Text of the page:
It’s a time for hope and celebration at the Lehigh Valley Zoo— and for conservationists worldwide—as 25 scimitar horned oryx are reintroduced to their natural habitat in Chad, Africa after being extinct in the wild for almost 30 years.
As a longtime champion and award-winning participant in the mission for saving the scimitar horned oryx, a species of antelope, Lehigh Valley Zoo holds an active role in the preparation for this landmark event. Five oryx currently reside at the Zoo, including the two calves that were born there in the past year.
In fact, some lucky guests of the Lehigh Valley Zoo may remember the miraculous moment in April, 2015, when a scimitar horned oryx calf was born in front of onlookers at the Zoo’s Party for the Planet event. Along with being a rare and exciting moment for those present, the birth played a crucial role in a global effort to save a disappearing species.
In cooperation with the Association of Zoos and Aquariums (AZA), Lehigh Valley Zoo manages the herd of scimitar horned oryx through the Species Survival Plan (SSP) Program. Originally a holding facility for the program, the Zoo sent a prime breeding male to another AZA zoo for breeding in 2010 as a recommendation of the SSP. That oryx has since sired more than nine offspring, and in 2013, Lehigh Valley Zoo brought in female oryx and became an additional breeding facility to help bolster the population.
The possibility exists that oryx born to Lehigh Valley Zoo oryx past and present may one day get to return to their natural habitat in Africa.
“Conservation and saving species from extinction are core ideals of Lehigh Valley Zoo,” said Richard Rosevear, general curator at the Zoo. “We are privileged to be part of a program that is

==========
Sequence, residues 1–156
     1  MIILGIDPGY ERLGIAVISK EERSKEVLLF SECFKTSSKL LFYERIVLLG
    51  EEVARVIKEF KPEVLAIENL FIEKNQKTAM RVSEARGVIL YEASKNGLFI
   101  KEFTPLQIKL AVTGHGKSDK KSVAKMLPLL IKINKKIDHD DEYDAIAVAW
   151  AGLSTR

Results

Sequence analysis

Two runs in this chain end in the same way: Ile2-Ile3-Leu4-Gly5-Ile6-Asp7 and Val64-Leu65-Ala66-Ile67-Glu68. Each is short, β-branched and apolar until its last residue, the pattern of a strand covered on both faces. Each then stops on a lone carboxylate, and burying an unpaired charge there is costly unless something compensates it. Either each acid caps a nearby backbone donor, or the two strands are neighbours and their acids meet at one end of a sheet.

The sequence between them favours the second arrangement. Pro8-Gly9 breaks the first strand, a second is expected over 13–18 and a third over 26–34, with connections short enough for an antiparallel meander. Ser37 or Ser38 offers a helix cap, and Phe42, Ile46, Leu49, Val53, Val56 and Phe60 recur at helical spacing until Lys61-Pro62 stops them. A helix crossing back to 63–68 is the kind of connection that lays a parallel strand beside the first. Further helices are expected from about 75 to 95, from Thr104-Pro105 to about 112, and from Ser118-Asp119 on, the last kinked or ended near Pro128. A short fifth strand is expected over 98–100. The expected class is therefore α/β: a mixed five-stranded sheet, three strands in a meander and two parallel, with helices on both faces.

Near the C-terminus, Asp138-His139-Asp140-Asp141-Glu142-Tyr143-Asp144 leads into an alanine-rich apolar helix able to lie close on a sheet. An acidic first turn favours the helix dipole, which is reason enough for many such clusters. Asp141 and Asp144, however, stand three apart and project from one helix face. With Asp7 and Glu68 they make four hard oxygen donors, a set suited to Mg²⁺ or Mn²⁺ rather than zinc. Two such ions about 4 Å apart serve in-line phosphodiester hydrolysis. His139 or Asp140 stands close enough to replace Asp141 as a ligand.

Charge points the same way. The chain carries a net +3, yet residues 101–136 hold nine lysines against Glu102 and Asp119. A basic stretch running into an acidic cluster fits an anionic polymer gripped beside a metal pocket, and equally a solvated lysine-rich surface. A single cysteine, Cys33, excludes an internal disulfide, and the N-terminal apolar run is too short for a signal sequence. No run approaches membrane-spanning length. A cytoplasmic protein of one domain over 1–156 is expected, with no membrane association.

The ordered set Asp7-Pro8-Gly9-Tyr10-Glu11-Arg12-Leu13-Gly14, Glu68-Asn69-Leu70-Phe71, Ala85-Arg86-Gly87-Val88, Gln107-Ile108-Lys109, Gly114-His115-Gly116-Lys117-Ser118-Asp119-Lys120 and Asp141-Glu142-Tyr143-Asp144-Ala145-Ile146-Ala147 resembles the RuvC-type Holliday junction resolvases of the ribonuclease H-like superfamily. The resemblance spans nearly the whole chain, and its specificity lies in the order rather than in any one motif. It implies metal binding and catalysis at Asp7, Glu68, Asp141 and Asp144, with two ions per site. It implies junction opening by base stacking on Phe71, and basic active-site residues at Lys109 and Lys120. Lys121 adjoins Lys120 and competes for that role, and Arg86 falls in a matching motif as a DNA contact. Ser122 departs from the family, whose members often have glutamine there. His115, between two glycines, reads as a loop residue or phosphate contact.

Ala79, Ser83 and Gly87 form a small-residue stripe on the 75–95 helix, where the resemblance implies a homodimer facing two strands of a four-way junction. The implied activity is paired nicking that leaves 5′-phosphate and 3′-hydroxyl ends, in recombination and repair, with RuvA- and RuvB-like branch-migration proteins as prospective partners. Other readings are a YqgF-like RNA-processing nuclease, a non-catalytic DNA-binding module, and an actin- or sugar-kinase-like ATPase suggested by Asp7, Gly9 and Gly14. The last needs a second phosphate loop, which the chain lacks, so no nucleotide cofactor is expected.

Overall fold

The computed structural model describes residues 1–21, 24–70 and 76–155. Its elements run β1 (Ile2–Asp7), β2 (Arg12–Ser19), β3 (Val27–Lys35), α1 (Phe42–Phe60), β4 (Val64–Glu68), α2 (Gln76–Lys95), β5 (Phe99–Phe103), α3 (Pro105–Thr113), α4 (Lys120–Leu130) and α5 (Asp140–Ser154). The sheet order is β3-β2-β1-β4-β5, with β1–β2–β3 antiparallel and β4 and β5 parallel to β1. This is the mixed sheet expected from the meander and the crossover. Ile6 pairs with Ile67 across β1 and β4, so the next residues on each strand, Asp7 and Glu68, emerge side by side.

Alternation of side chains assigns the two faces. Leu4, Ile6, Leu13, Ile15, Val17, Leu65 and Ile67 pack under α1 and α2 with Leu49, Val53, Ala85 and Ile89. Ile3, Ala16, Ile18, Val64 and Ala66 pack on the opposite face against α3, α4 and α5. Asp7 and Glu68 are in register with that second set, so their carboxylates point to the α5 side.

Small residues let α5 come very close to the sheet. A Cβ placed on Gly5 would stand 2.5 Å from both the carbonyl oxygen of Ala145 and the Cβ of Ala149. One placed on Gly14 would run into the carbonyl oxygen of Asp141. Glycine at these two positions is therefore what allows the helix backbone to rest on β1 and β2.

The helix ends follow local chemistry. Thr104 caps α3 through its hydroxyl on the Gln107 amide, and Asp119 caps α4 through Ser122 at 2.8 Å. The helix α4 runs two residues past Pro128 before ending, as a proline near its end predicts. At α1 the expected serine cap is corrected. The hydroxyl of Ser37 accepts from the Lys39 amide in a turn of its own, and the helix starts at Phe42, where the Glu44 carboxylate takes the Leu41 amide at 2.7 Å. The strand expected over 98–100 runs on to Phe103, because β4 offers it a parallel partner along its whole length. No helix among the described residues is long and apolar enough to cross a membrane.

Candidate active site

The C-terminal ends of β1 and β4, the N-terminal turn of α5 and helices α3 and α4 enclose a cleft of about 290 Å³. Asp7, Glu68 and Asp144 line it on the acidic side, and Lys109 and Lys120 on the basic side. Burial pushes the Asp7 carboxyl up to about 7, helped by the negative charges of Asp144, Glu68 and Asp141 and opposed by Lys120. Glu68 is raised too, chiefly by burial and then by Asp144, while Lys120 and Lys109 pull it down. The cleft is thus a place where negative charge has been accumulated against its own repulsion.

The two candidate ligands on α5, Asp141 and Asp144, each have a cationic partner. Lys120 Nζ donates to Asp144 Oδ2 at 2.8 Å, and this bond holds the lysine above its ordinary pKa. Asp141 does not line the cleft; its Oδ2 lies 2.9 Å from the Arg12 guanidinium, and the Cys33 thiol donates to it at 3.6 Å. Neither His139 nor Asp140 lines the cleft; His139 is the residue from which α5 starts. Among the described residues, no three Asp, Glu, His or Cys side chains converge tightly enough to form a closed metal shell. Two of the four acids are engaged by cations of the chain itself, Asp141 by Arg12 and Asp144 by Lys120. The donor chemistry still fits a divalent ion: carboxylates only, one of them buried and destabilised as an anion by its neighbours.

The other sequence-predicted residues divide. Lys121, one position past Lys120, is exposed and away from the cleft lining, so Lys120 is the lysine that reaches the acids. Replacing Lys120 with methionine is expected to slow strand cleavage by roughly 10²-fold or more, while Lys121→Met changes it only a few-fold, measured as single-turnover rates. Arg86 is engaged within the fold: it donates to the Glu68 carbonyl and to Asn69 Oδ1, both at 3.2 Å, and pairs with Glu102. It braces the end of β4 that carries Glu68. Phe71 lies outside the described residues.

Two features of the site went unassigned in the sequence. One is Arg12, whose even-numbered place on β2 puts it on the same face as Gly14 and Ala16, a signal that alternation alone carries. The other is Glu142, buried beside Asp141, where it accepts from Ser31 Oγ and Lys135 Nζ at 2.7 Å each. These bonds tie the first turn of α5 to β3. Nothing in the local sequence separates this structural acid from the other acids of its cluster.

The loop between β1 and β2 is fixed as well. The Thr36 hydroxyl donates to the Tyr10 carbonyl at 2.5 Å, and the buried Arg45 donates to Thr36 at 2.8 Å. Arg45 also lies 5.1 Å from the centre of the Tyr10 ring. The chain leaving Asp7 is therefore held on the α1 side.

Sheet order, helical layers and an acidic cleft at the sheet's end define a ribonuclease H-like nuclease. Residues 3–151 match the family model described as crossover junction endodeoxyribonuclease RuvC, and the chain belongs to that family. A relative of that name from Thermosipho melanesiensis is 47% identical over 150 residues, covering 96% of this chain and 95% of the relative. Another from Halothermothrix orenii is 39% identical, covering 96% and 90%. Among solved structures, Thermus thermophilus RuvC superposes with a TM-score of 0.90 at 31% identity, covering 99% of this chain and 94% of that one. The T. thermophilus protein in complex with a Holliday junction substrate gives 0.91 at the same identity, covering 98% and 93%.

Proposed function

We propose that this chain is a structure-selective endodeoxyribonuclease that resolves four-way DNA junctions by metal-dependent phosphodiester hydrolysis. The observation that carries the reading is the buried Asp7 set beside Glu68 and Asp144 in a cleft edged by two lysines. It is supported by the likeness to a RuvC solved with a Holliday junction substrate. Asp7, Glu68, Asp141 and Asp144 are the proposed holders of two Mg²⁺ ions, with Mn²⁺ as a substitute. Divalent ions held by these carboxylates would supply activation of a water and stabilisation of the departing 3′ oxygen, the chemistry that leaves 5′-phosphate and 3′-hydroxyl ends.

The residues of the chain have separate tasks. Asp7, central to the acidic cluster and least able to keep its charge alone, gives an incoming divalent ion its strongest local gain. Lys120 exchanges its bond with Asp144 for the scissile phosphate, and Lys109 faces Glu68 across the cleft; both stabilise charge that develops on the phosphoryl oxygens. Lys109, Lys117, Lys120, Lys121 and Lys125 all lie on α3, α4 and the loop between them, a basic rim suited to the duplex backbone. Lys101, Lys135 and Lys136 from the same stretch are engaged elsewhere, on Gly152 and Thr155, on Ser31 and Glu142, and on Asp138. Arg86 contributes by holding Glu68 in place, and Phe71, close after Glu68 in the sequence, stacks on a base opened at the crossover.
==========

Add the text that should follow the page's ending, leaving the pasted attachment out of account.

reintroducing a species, which was extinct in the wild, to its native range.”
The Zoo’s ongoing efforts with the scimitar horned oryx were recognized on a global level in 2015, as the Zoo received Top Honors in the International Conservation Award for AZA Zoos Giving Voice to the Sahara: Sahara Conservation Fund (SCF) as a model for a zoo-driven conservation movement. This annual award recognizes exceptional efforts toward regional habitat preservation, species restoration and support of biodiversity in the wild. Lehigh Valley Zoo was proud to share in this award with 52 other zoos who are united under that mission.
“We are so proud to have been a part of such a monumental, historical event,” stated Melissa Borland, Lehigh Valley Zoo President. “Accredited Zoos play a major role in supporting the sustainability of endangered animals in the wild. To know that such a global impact is being made right here in the Lehigh Valley is something I think we can all be proud of.”
An initial group of 25 scimitar horned oryx were initially released in March into a large fenced area at the Ouadi Rime-Oudi Achim Game Reserve in Chad and are being acclimated in that area for full release into the wild this Summer.
Of course, this does not mean that scimitar horned oryx are necessarily safely reestablished in the wild. “Reintroduced oryx will have to be monitored to see that the herds are self-sustainable and will have to be protected from poaching,” added Rosevear.
In all, there are expected to be 500 of these beautiful animals released into the wild over the next five years.